With future writings, the question “What would a reader highlight as they read my writing?” becomes more and more a part of their composition process, encouraging them to choose sophisticated, descriptive, vivid and precise words as they write. No writer wants to finish a piece of writing and feel there is nothing worth highlighting.

By simply drawing attention to word choice through these activities, students learn how to be mindful of the quality of their writing. Who knew highlighters could reinforce writing skills so powerfully?

*Writing with Design strongly recommends not using words like “best” to describe word choice, because “best” is too vague. Strong writers strive for sophistication, descriptiveness, vividness, and preciseness of language, so use those as the search parameters for evaluating word choice in writing.

6 Ways Writing With Design Helps You ACE the Common Core Writing Standards

6 Ways Writing With Design Helps You ACE the Common Core Writing Standards

Writing with Design:

1. Aligns 100% to Common Core Standards
As Writing with Design is implemented, you can rest assured your students are mastering every writing skill. From the writing prompts to the rubrics to the skill focus activities, every aspect of Writing with Design focuses on the Core.

2. Makes Writing Accessible for Every Student
Whether students are 5 or 15, our approach lets you meet every student where they are and grow their writing skills to impressive levels. Within a year of implementation, students will be ready to articulate well their thoughts in writing on any next generation assessment.

3. Incorporates Relevant and Meaningful Writing Across the Curriculum
Since Common Core believes that every teacher is a literacy teacher, Writing with Design provides opportunities for high quality writing in every class. With lengths of writing activities spanning one sentence to essay-length, we make it practical to incorporate meaningful and doable writing into every class anytime.

4. Creates a School Culture Focused on High Quality Writing
Our approach teaches students the structures and strategies of strong writers. Since we focus on quality, students quickly learn what it takes to write with sophistication and voice. With the same rubrics used to assess writing in every class, expectations remain high every time students write.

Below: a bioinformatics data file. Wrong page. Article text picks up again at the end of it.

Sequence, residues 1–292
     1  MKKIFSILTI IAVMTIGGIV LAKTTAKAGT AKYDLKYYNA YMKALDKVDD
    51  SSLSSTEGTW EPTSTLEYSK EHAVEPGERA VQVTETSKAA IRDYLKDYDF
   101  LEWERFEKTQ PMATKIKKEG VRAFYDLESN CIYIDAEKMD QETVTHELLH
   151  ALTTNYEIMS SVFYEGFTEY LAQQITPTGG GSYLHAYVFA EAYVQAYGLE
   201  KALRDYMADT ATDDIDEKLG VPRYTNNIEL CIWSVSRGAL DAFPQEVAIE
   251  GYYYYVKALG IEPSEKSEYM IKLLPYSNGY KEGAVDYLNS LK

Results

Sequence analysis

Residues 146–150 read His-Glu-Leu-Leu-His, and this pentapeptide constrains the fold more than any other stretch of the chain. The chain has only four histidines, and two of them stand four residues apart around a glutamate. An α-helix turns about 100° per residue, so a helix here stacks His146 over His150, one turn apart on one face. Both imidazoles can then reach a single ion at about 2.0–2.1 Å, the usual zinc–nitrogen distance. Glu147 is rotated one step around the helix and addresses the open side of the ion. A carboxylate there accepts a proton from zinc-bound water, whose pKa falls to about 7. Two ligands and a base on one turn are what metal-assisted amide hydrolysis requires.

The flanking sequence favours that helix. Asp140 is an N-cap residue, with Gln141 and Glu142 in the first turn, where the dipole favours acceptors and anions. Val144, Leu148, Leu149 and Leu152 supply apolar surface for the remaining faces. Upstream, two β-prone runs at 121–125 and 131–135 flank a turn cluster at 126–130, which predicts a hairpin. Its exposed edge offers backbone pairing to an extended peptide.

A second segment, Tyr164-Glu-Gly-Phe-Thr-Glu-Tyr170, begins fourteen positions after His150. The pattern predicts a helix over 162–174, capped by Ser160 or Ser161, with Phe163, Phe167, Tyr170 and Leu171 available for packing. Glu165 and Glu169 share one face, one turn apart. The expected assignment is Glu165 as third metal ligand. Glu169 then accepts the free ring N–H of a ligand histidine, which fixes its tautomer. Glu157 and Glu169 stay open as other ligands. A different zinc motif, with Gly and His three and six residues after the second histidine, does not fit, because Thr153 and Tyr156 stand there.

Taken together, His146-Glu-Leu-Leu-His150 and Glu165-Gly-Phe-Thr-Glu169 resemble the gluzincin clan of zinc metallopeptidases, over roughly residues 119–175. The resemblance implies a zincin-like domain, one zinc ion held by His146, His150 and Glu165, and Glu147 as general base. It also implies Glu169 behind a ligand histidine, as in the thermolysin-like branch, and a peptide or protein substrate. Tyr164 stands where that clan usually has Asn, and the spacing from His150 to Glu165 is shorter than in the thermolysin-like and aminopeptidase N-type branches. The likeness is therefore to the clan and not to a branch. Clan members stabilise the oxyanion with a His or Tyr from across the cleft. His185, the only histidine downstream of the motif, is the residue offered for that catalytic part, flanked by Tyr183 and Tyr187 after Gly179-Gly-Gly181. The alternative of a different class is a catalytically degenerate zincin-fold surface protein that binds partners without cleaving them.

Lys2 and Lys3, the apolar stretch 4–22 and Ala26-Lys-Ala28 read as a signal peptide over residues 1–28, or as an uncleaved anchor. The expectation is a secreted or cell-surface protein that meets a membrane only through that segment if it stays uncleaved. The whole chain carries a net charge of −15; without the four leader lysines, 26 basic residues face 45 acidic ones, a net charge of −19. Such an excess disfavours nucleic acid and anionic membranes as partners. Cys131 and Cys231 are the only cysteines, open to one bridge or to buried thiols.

5. Provides Relevant and Real Time Feedback from Writing Analysts
We let you know how students are performing three times per year through formal writing feedback from skilled writing analysts. Plus you will have access to students’ scores on writing assessments and assignments on our web-based software, allowing you see real progress in real time.

6. Gives You Everything You Need to Confidently Teach Writing
A comprehensive manual + a constantly growing online bank of resources = everything you need to effectively teach and incorporate writing in your content area, from introducing a writing prompt to honing specific stylistic skills. No other program supports teachers with as many ready-to-use and purposeful writing activities as Writing with Design. Plus, ongoing support via follow-up workshops, webinars, and online chats provide you with the support to make teaching writing enjoyable and purposeful. We work with schools for several years to cultivate a strong writing culture that lasts and lasts.

Ok, 7 reasons why…

7. Cultivates a Love of Writing in Students
Be prepared to be amazed as students become eager, confident writers! Teachers often comment that students ask to write about activities throughout day because they have the skills to convey their thoughts and want to showcase what they can do.

 

And We’re Back!

6712852The late summer and fall of 2013 was a time of tremendous work behind the scenes of The Learning Project. With the start of 2014, we are eager to start sharing all that we have created, enhanced, and designed. We are so grateful for all the teachers and students we work with across this country, because it is their enthusiasm, their questions and requests, their success that keeps us constantly thinking about how to improve our products and services. So get ready, because in 2014, the best is yet to come!

Writing skills=incredible life opportunities

As a middle school student, I had no idea just how powerful and transformative writing would become
in my life. As I began to win essay contests, the momentum began to build. Writing 2162302empowered me, gave me confidence, and helped me find my voice. By the time I graduated from high school, I had amassed over $250,000 in scholarship funds. Most of the scholarships were essay contests and every single one required written responses at some point during the process.
Why is my life’s passion to cultivate students’ thinking and writing skills? Writing transforms lives and creates incredible opportunities. As Common Core emphasizes writing across every curriculum area, the need for meaningful writing activities has grown in importance. If you are a classroom teacher, contact me for specific essay opportunities you can tie into your curriculum.
Writing is skill that opens doors to incredible life opportunities. If you are a teacher, what writing opportunities are you offering your students? If you are a student, how are you cultivating your writing skills to bring more of life’s amazing opportunities to you?